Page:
Analog-to-digital converter, Wikipedia.

Episode 2: The Analog to Digital conversion process

Friday
Mar152013

Positive results on the first week's assignment

I got the results of my first assignment today. I got encouraging positive feedback, and helpful constructive criticism.

To my fellow students who gave me the excellent feedback: thank you!

I will endeavor to do even better on the next assignment, which will be posted Sunday. My chosen topic is the analog to digital conversion process.

I evaluated four assignments this week. One was a rather bizarre music video, one was a 500 MB video from a slow web server (but an interesting tutorial nonetheless), one was written in Spanish (Google Translate helped greatly), and one was written in both Spanish and English (the translation was excellent). All were very well done. It was a really fun experience evaluating all of them.

I look forward now to the next round!

Monday
Mar112013

IMP Homework Episode 1: Audio signal flow for the Late Night Geekery podcast

Summary

This is episode one of my series on music production for my Coursera class Introduction to Music Production.

Transcript

Late Night Geekery podcast audio signal flow

To the reviewer

At first I understood that the weekly assignment must have a video component. Since I am not well acquainted with video production, I am glad the options were clarified to include podcasting. Since I produce a weekly podcast, this is much more comfortable for me.

My chosen topic, my audio signal path, is a natural choice for me since I must understand and control it to produce my podcast quickly and with good quality. Since my signal path is somewhat complicated by the podcast recording over Skype and by the live stream, I felt a visual aid is required. I created a signal flow diagram as that visual aid. Podcast show notes (which you are reading) are a natural place to publish such visual aids.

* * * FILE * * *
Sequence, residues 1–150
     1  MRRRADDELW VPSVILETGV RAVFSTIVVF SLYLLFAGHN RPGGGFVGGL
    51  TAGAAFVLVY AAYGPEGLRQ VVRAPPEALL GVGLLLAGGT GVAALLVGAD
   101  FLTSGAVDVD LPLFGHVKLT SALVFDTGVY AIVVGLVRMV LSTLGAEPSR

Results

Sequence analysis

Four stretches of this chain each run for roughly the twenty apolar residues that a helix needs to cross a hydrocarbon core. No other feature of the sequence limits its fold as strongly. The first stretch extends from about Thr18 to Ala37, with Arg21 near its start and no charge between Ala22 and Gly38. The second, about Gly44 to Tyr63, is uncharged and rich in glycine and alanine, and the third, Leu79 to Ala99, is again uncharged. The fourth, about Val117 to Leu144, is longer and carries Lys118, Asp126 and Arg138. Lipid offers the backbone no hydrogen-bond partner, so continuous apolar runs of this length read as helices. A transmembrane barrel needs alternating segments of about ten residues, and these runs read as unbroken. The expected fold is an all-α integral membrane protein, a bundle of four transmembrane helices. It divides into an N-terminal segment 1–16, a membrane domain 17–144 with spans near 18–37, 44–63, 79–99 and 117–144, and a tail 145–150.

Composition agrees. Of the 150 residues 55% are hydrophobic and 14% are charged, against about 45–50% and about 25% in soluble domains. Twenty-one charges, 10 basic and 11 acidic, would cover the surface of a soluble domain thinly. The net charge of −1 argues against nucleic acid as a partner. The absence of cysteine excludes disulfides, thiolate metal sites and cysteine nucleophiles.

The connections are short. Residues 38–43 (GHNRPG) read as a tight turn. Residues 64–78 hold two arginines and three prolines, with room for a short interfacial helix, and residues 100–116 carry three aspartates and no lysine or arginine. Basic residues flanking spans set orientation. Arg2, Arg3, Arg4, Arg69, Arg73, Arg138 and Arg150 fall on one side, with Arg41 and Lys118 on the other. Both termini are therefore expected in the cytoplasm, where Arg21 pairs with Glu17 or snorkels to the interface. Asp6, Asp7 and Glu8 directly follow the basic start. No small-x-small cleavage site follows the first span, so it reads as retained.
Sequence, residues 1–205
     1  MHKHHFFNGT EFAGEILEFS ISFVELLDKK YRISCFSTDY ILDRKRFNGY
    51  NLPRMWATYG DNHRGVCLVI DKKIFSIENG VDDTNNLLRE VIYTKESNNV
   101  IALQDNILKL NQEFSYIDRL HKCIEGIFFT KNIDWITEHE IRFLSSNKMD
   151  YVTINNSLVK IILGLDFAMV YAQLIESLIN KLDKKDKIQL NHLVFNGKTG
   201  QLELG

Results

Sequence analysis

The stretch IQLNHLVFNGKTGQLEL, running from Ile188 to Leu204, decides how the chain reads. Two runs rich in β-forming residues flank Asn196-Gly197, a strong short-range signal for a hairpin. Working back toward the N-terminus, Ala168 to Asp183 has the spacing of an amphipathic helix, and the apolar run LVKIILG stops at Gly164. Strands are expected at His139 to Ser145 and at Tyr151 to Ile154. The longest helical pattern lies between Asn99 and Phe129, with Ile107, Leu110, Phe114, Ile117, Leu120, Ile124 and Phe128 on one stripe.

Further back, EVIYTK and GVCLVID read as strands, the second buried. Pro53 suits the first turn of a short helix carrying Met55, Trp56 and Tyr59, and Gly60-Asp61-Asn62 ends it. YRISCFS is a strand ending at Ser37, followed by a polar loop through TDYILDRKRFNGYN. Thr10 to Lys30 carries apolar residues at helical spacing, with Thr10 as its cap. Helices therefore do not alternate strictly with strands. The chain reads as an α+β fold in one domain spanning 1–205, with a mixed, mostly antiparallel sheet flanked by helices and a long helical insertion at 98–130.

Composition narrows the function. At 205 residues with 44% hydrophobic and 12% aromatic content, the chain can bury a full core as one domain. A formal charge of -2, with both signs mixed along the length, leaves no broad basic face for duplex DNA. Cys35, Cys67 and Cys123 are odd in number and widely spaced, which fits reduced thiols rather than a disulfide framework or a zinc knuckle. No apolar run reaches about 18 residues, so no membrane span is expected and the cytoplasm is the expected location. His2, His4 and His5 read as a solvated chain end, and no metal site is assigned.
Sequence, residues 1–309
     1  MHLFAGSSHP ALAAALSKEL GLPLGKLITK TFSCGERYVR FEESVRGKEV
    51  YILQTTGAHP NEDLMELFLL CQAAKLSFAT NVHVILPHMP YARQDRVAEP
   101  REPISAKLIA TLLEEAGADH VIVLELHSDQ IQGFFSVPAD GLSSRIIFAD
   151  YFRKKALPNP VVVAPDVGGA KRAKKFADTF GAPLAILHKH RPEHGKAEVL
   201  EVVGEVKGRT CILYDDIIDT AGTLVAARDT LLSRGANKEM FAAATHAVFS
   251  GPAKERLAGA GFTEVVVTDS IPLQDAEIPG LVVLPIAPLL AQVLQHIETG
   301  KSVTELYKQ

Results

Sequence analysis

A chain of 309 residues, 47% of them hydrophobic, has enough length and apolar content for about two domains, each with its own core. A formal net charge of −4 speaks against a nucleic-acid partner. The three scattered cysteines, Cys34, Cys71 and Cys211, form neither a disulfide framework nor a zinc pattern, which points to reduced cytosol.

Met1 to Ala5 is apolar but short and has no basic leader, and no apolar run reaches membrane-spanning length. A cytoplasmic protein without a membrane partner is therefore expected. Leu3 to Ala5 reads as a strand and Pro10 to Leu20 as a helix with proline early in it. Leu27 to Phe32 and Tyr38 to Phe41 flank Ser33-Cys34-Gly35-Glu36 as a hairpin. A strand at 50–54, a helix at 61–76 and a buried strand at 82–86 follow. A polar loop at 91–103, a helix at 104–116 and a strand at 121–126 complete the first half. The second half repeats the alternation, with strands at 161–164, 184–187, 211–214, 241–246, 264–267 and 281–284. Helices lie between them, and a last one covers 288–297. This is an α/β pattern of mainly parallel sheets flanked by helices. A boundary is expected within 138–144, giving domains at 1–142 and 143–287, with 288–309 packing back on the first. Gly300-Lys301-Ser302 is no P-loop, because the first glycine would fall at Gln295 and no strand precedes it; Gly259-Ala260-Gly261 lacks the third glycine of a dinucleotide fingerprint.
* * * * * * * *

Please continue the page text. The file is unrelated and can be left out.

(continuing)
I faced three challenges for this podcast in three steps I do not usually do for my weekly podcast.

First, I'm not used to preparing a transcript, which I wrote in advance. It wasn't that bad though, as I enjoy writing.

Second, I found the drafting of the diagram to be a challenge, since I only very rarely use Adobe Illustrator, and this is the first time I've used it (CS6 now) since CS4 a few years ago. I've never really used any other tool for creating diagrams.

Third, and most challenging, was recording the podcast alone, and from a script. I'm used to recording live, ad lib, with my friend Hobbes. I think it took me four takes to get a clean one.

I hope you like it and it exposes you to something new. I'd appreciate your feedback. Thanks for listening.

Soundtrack for preparation of this assignment

Language of The Ancients by S1gns Of L1fe
Black Boulder by Phon.o
Amber by Autechre
Strike 100 by various artists

Key Terms

transducer: converts sound waves to/from an electrical signal; e.g. a microphone, speaker, or headphones

analog audio signal: sound represented as voltage in an electrical signal

analog to digital converter: converts analog audio signal to digital

digital audio signal: audio signal represented as binary data stream - a stream of 1s and 0s

Digital to analog converter: converts digital audio signal to analog

Episode 1: Audio signal flow for the Late Night Geekery podcast

Wednesday
Mar062013

Short podcast series on music production coming soon

I'm into the first week of my second Coursera course, Introduction to Music Production. It's a six-week class. This class has an intersting weekly assignment: we are to create each week a tutorial of up to 5 minutes or 1000 words. The tutorial is selected from a list of avilable topics covered by the instructor in the week's lectures. The tutorial will be viewed by and graded by five of my fellow students.

Our tutorial can be made of virtually any Internet-publishable media type. Of course, I am going to do a six-episode podcast series. I'll publish it right here as entries on this blog.

The assignment was originally to be a video–either a lecture or a screencast. I and many other students were concerned because if you aren't already good at video production, video can be very time consuming. I was not looking forward to spending up to ten hours each week. I'm so glad the teacher has expanded it to be any media. I'm actually looking forward to creating this week's episode. I'll start work on it tonight. It's due by end of the day Sunday.

My topic for this week will be the signal path through my digital audio workstation. I'll describe the path sound takes from Hobbes' and my mics into my Mac each Monday night.

I hope you'll join me in this adventure.

If you're interested in the courses I'm taking, feel free to check out my Coursera profile.